PEST CONTROL GUIDE - w

Wasps

Large, conspicuous buzzing insects with yellow and black striped, wasp-waisted bodies, 10-15mm long. They have a sweet tooth at one end and a painful sting at the other.

The queen wasp is larger (20mm) and she hibernates over winter, making a nest in the spring in which to lay her eggs. She feeds the grubs on insects until they develop into worker wasps, three to four weeks later. Workers, all sterile females, forage for over a mile in search of food. One nest may produce 30,000 wasps in a year.

At their peak in August and September with the youngsters reared, the workers turn to the sweet food they prefer and become a nuisance wherever this is available. If annoyed or threatened, wasps will sting and the best remedy – after removing the sting with a clean finger nail – is to apply an anti-histamine. Some people react violently to being stung with several dying each year.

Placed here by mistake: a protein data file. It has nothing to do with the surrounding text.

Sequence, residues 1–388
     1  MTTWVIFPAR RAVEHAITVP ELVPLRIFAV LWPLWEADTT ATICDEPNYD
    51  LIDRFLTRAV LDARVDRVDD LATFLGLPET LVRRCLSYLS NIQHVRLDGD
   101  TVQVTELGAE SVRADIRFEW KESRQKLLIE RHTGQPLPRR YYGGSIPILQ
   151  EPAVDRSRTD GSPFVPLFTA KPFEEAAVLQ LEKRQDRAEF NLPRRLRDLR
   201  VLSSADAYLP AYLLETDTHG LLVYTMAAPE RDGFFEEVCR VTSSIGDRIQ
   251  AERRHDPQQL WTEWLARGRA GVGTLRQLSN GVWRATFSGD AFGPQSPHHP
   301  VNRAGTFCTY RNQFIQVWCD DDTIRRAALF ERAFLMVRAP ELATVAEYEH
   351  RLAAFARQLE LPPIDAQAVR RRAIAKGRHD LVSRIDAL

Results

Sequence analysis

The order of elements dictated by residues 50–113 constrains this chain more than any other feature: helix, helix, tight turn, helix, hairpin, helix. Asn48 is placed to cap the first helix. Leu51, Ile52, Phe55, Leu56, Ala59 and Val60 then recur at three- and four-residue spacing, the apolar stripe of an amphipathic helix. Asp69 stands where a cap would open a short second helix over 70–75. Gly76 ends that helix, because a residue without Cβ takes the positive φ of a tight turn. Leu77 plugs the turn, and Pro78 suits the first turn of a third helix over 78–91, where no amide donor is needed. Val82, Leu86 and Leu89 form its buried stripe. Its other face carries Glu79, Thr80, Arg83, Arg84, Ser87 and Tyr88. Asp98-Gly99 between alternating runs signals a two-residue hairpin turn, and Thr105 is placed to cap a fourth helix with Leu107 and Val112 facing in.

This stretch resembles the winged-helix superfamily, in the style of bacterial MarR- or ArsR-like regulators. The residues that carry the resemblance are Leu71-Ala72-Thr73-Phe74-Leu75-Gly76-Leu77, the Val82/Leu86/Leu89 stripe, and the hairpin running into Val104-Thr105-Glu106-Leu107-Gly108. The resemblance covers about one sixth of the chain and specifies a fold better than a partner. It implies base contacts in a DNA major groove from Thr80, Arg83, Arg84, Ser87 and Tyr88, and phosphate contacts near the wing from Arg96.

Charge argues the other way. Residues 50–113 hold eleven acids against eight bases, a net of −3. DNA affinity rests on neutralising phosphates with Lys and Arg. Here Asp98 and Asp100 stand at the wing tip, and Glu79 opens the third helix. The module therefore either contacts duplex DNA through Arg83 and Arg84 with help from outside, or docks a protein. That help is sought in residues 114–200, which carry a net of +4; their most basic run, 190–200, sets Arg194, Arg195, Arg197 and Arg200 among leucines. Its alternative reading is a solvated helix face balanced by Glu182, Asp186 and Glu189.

Weevils

A term frequently misused to describe beetles in general, but actually applicable only to a distinctive group of beetles with long, pointed “snouts” which they use for boring into whole grains, hard processed cereals such as pasta, and timber.

Mainly pests of stored cereals on farms.

Wharf Borer

A brown beetle, about 1cm long, with pronounced antennae and a tendency to emerge from damp basements and fly about near rivers or estuaries in early summer.

The grubs live in very decayed wet timber such as old jetties or wooden piles. Buildings built over old bombed sites with timbers buried under them are sometimes invaded by these beetles for a few odd days.